Ellie is devastated when she learns the truth about Mark’s whereabouts. Many fans of the show suspected that Mark was having an affair or just expressed that they believed he simply didn’t do it. It’s too obvious. He was indeed having an affair. He was on the car park at the top of Briars Cliff waiting for Becca Fisher. Why it took a whole episode to find out this information is rather odd and the programme’s first weak point. Mark’s explanation for his behaviour, ‘it’s cuz I was ashamed innit.’ This is noticeably similar to The Killing and the interrogation of Troels Hartmann, only Troooooels would never be caught saying ‘innit’. What about Danny’s blood in the hut you say? Well, it turns out Danny got a nasty gash on his foot from stepping on the end of a fishing line. I guess Mark’s off the hook – no pun intended – for now. Only, how can a hut at the top of a cliff be the closest place to go after an accident? Also, how did he get in if he didn’t have the keys? More importantly, who are the mysterious owners of the hut? I may be clutching at crime fighting straws, but if someone’s property is involved in a murder case surely the owners would be an initial point of contact, even if they are out of town.
Elsewhere, Karen White is fishing for information from the local newsagent Jack Marshall. She knows Danny did a paper round for Jack, but Jack’s not daft. He doesn’t want to wind up on the front page of the newspaper; his comments misconstrued, ‘I sell ‘em. I don’t wanna be in ‘em.’ Lurking in the background is Susan. She’s waiting for Karen to leave so as not to draw attention to herself, and she’s obviously feeling stressed ordering a pack of 20 cigarettes. Later in the episode we learn that Karen has gone AWOL from The Daily Herald. She used to run crime back in the day and was covering the Sandbrook murders. Furthermore, she reveals that Hardy failed the family in Sandbrook and she’s in Broadchurch to make sure it doesn’t happen again.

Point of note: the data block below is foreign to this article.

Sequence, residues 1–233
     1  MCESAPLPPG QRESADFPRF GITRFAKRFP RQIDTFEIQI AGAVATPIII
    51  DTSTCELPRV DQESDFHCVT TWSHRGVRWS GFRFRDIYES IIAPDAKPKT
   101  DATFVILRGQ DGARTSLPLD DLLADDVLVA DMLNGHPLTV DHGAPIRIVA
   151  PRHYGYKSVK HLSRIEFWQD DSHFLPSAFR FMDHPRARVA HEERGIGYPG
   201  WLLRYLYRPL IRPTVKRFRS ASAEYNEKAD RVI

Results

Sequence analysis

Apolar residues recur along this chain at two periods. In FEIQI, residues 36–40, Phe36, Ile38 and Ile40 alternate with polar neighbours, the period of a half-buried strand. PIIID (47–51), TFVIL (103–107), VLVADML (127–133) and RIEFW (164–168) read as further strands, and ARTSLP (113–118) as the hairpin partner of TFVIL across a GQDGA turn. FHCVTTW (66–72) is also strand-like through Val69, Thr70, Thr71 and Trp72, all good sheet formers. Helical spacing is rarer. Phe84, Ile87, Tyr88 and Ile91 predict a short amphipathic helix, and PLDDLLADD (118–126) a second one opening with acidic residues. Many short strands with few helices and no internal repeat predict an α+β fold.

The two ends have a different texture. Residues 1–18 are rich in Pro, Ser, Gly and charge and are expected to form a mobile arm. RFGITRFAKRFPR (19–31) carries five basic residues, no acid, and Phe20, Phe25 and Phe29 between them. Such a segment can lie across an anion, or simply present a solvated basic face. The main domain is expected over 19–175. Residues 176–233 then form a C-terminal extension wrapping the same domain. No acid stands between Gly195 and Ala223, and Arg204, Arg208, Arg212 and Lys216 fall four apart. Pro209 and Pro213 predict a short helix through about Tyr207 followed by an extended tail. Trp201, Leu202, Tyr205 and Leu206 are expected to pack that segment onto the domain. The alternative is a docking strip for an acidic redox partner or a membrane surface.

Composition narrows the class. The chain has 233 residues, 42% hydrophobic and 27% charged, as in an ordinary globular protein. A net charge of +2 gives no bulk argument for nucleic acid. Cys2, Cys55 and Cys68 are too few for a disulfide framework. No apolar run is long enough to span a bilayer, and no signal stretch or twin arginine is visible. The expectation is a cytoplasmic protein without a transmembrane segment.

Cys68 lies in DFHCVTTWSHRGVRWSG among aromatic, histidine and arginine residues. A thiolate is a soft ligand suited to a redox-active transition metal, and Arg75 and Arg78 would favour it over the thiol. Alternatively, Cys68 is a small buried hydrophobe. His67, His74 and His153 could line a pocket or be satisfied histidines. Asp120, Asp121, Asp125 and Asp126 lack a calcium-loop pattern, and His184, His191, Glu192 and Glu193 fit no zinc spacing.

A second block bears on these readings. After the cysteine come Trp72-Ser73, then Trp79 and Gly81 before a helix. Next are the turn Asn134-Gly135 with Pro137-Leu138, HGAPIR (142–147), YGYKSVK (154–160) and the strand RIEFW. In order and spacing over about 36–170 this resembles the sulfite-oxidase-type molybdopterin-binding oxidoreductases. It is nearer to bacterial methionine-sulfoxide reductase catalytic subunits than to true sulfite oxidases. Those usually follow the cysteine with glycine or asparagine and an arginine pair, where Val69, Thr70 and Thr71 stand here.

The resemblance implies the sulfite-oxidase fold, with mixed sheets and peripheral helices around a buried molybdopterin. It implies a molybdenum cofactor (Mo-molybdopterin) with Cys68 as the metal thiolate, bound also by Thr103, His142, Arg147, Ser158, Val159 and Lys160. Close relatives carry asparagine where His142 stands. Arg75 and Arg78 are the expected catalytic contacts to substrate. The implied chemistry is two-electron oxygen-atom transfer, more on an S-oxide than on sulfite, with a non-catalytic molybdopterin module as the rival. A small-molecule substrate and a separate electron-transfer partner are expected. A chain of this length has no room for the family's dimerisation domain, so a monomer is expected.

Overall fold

Broadchurch’s very own psychic Steven Connelly is back and he’s following Beth Latimer around – or rather stalking her. He says he has a message from Danny, but Beth’s not very forthcoming. After some strange revelation and a suspicious note through her letterbox, Beth decides to entertain the Steven’s theories in the hope of find some peace in all the madness. Steven tells Beth that he has a spirit guide who tells him about people passing over. The message from Danny is ‘Danny wants you to know he is ok. Don’t look for the person who killed him because it won’t help.’ It will only upset Beth because she knows this person really well. Cue dramatic musical interlude…BUUM BUUM BUUM!
As always, the performances on Broadchurch are excellent. However, this episode felt like the weakest so far. There’s still great mystery, intrigue and wonderful dialogue – particularly between Miller and Hardy – but Mark Latimer’s interrogation was drawn out for far too long considering many viewers had reached the conclusion before the detectives. Moreover, the signature slow motion camera work is getting rather tedious. It’s overused at times. Let’s hope it’s used more sparingly in future episodes.
There’s still five episodes to go and we’ve yet to find out what Nigel is hiding in his van; how Beth will handle Mark’s affair; Tom’s involvement and who really killed Danny Latimer. If the murderer was doing their best to go unnoticed, burning a boat at sea probably wasn’t the best idea. Nevertheless, the final image of the boat burning out at sea was a gripping cliff hanger. I’ll definitely be watching next week. Will you?
Catch up with Broadchurch on ITV Player
Episode four airs Monday 25th March